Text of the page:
Alliance Senior Policy Advisor Okey K. Enyia, DrPH, MPH Discusses his Research on Equity and Access to Care

This post was authored by Okey Enyia, DrPH, MPH.

I’m honored and humbled to share that I have successfully defended my doctoral dissertation – a first-of-its-kind study examining the Affordable Care Act and its impact on access to care for Black men – from the George Washington University School of Public Health. Why did I pursue a doctorate in public health? 

1) I wanted to take a research-based approach to exploring my practical experiences as a conscious Black man in society.

2) I endeavored to employ critical consciousness to drive self-liberation for Black and Brown people worldwide. 

One of the things I loved about the doctorate in public health (health policy concentration) was that it allowed me to work at the nexus of theory and praxis in a variety of contexts. Consequently, I am now a subject matter expert in four distinct yet interrelated fields: 1) men’s health, 2) public health, 3) health care utilization, and 4) health policy.

My dissertation was titled “Examining the Affordable Care Act and its Impact on Access to Care for Black men and White men: Implications for Policy and Practice.” 

Contextually, Black men experience poor health outcomes across a spectrum of chronic medical conditions and comorbidities that ultimately lead to lower quality of life and premature death. Lack of access to medical care is one of many factors that contribute to these poor outcomes. My study examined the impact of the Patient Protection and Affordable Care Act of 2010 (ACA) on Black men’s access to care compared to White men ages 18-64 and proposed strategies to help address any inequities. The ACA undergirded this study because it included several provisions that were specifically meant to help address racial and ethnic health disparities and improve health outcomes.

This study took a longitudinal approach by examining access to care among non-Hispanic Black men and non-Hispanic White men ages 18-64 from 2011-2019. Using a publicly available secondary data source, the Medical Expenditure Panel Survey (MEPS), a descriptive and multivariate analysis was conducted to examine the relationship between race, sociodemographic characteristics, and two indicators of health care access (insurance status and usual source of care). The analysis found that the ACA decreased the proportions of non-Hispanic Black men and non-Hispanic White men who were uninsured after 2014 by nearly 50%; however, racial disparities persisted.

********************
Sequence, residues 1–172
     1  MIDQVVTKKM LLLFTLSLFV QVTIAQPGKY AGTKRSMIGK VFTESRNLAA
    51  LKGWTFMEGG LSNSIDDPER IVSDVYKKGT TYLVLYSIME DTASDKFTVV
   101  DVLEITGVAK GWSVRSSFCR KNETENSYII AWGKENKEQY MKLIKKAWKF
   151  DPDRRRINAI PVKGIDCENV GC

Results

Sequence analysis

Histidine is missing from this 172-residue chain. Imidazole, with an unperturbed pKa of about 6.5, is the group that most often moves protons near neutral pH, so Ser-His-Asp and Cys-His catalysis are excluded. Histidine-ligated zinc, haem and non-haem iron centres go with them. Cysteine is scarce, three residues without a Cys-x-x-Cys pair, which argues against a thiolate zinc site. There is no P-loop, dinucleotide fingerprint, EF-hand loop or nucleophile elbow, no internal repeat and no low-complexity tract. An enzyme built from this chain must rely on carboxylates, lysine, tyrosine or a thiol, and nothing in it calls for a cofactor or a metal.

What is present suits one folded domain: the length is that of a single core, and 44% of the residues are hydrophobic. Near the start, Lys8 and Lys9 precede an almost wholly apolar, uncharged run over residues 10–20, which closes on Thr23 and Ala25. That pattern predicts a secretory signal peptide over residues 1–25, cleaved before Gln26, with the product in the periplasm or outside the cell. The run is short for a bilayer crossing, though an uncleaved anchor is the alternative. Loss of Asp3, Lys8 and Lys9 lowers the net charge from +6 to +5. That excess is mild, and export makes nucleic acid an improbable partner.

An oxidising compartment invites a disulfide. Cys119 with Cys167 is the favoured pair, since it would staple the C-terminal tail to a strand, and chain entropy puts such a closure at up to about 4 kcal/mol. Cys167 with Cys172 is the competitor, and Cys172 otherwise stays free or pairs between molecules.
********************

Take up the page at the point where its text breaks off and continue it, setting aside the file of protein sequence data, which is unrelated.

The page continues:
Other key findings are as follows: 

1) race was a significant predictor of being uninsured, with non-Hispanic Black men having 30% greater odds than non-Hispanic White men of being uninsured, and 

2) non-Hispanic Black men had 25% lower odds than non-Hispanic White men of having a usual source of care. 

Other factors significantly associated with a greater likelihood of being uninsured were being part-time and intermittently employed and living in a Southern state. Factors significantly associated with a greater likelihood of not having a usual source of care were education (i.e., completing a high school or a college degree) full-time, part-time, or intermittent employment, and region (living in the South or the West).

While the ACA achieved one of its goals of increasing health insurance coverage for men of both racial groups examined in this study, the racial gap between non-Hispanic Black men and non-Hispanic White men did not close for the two outcomes of interest – being uninsured or having a usual source of care post-ACA. These findings have implications for policy and practice to improve health care access. 

My specific policy recommendations proposed include: 

1) develop pathways to coverage for states that have yet to adopt Medicaid expansion, and 

2) use a multilevel approach to expand the proportion of men with a usual source of care that includes:

a) disseminating educational messages to improve men’s awareness of the value of having a regular source of care and 

b) facilitating health care delivery and payment reforms that incentivize health care institutions to increase the number of Black men who are meaningfully engaged with a regular source of care.

My future research includes but is not limited to: 

1) taking a mixed methods approach (i.e. quantitative and qualitative) to data collection, analysis and interpretation across race and gender; 

2) specifically examining African immigrant or foreign-born men to potentially yield further insights to support culturally-tailored interventions for men of African descent; 

3) control for health status and chronic medical conditions; 

4) build out the artificial intelligence health equity space in the context of men’s health; and 

5) operationalize a Policy Advocacy in Action Framework for men whereby any interested stakeholders can directly influence policy through civic engagement and advocacy at all levels of government.

My study lays the groundwork and has the potential to revolutionize the policy landscape for Black men because it proposes nuanced policy recommendations and practical steps that seek to make an indelible impact on the domestic and global health care ecosystems. 

As a scholar-activist and policy-maker, I look forward to serving in government, higher education, consulting, public speaking, and entrepreneurship as I shift into the next phase of my career.

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